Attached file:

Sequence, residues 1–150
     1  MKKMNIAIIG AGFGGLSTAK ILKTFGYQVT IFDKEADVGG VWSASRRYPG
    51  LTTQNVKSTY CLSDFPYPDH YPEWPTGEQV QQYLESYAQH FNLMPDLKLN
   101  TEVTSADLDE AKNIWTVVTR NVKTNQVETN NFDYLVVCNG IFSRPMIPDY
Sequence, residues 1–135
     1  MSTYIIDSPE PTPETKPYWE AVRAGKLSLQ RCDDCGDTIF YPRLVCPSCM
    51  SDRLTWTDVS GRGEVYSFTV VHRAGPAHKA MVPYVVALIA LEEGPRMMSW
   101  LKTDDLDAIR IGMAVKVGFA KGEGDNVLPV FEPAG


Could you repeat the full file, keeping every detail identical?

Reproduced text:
Sequence, residues 1–150
     1  MKKMNIAIIG AGFGGLSTAK ILKTFGYQVT IFDKEADVGG VWSASRRYPG
    51  LTTQNVKSTY CLSDFPYPDH YPEWPTGEQV QQYLESYAQH FNLMPDLKLN
   101  TEVTSADLDE AKNIWTVVTR NVKTNQVETN NFDYLVVCNG IFSRPMIPDY
Sequence, residues 1–135
     1  MSTYIIDSPE PTPETKPYWE AVRAGKLSLQ RCDDCGDTIF YPRLVCPSCM
    51  SDRLTWTDVS GRGEVYSFTV VHRAGPAHKA MVPYVVALIA LEEGPRMMSW
   101  LKTDDLDAIR IGMAVKVGFA KGEGDNVLPV FEPAG